a, The CRISPR effector Cas12k (pink) bound to sgRNA (grey) defines the target site by forming an R-loop and associating with S15 (tan) and TniQ (orange). b, TnsC (green) may polymerize on DNA (blue) in two directions: towards or away from the target site (indicated by the black arrows and the question mark). TnsC interacts with target-site-associated proteins (Cas12k–sgRNA, S15 and TniQ) to form the recruitment complex. c, Two interactions between TnsB (purple) and TnsC: TnsB is recruited to TnsC filaments by TnsBhook (purple, indicated with a red asterisk) and domain IIβ (indicated approximately by a yellow star) from TnsB can interact with TnsC (indicated by a red double arrow), lead to disassembly of TnsC and promote ATP hydrolysis (yellow lightning bolt), resulting in the release of phosphate (green arrows). Dashed lines (purple) represent flexible linkers between TnsBhook and the rest of TnsB. d, TnsB is recruited to the target site and forms the STC upon integration. Four TnsBhook are bound to four TnsC protomers proximal to TnsB through the flexible linker (dashed purple line). Two turns of TnsC (12 protomers) are stably formed against disassembly. Together with target-site-associated proteins and TnsB STC, all CAST components form the transpososome at the integration site. e, A magnified view of TnsC (boxed) in the transpososome shown in d. All TnsC protomers are in the ATP-bound state (ATP is shown as a red circle). TnsC in the transpososome does not specifically track with DNA helical symmetry, unlike previous helical structures of TnsC.

This structure also reveals how ShCAST transpososome architecture conserves TnsC function across Tn7-like elements. ShCAST TnsC forms continuous helical filaments on DNA15,18, which are distinct from TnsC configurations found in the prototypic Tn719 and I-F3 CAST subfamily11. TnsC from prototypic Tn7 forms heptameric oligomers19 and led to the original hypothesis that the ring would allow segregated interaction interfaces: the TnsD interface maps to the N-terminal face, and the TnsA–TnsB interface maps to the C-terminal face19. Although the I-F3a CAST TnsC adopts a heptameric structure11, it remains unknown whether TnsC in this system has similarly segregated interaction interfaces. However, chromatin immunoprecipitation–sequencing experiments suggest that TnsC has a key role in associating with the Cascade complex, serving as a selectivity factor in subsequent recruitment of TnsA–TnsB11. Therefore, despite the structural differences in ShCAST TnsC, we hypothesize that the segregated interactions that we observe in the ShCAST transpososome are conserved across Tn7-like transposition systems.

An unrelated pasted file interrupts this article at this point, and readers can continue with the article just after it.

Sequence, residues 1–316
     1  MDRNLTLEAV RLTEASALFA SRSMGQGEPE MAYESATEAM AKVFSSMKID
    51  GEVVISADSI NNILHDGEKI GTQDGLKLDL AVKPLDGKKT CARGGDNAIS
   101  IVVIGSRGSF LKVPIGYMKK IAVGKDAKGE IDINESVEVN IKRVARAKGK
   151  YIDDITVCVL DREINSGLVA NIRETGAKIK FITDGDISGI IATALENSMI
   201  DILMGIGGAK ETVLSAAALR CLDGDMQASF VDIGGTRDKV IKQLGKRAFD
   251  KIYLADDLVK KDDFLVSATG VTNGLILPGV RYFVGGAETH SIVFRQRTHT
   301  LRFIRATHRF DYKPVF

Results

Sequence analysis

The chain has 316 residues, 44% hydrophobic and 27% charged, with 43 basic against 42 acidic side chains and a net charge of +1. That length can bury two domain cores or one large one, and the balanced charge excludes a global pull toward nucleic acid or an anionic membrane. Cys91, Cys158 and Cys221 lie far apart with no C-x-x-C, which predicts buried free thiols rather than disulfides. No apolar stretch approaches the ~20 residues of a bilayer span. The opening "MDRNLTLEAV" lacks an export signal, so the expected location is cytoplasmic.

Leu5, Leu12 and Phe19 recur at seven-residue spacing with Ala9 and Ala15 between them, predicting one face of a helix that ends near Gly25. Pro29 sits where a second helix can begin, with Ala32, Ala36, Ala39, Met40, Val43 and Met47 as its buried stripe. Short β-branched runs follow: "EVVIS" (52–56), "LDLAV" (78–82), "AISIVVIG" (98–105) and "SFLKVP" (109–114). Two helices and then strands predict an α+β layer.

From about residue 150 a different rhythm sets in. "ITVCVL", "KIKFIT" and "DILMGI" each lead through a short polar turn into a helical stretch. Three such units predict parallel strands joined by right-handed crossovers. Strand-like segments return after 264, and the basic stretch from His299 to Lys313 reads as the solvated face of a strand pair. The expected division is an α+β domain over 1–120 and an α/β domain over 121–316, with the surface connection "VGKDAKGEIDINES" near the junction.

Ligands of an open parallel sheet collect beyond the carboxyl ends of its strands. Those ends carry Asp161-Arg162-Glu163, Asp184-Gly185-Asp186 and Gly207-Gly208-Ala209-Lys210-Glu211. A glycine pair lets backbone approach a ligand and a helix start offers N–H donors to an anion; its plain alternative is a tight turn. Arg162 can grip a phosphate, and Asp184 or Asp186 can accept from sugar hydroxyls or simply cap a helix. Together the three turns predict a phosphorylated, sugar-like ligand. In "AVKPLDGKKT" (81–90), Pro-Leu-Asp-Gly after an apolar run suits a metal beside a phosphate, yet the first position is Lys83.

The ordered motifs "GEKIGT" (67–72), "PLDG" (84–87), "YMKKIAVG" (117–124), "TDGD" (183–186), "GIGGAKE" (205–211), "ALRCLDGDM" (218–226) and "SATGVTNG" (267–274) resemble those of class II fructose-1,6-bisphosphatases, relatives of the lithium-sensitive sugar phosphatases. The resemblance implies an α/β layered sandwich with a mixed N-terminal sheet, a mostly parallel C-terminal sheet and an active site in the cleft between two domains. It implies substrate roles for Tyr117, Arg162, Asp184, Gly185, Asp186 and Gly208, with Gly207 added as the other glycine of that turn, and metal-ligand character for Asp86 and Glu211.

The segregation of interactions that we observe in the transpososome also suggests a mechanism for how the core transposition machinery can co-opt different CRISPR effectors via TniQ. This is particularly interesting, considering the I-B CAST elements, which contain features of both prototypic Tn7 and CAST elements6. TnsC and the cognate transposase in I-B CAST elements can associate with two different TniQ domain proteins: TnsD (sequence-specific DNA-binding protein) or TniQ (associated with a CRISPR effector) to direct insertions6. Competition between these two targeting modalities suggests that a single interface on TnsC can interact with either TniQ or TnsD6. Our structure provides an elegant explanation for how this is achieved: by separating targeting machinery (TniQ or TnsD) from the core transposition machinery (TnsA–TnsB) via segregated interfaces on TnsC. This ensures that co-option of target-site-binding proteins (that is, with different CRISPR effectors or different DNA-binding proteins) does not interfere with the function of core transposition machinery.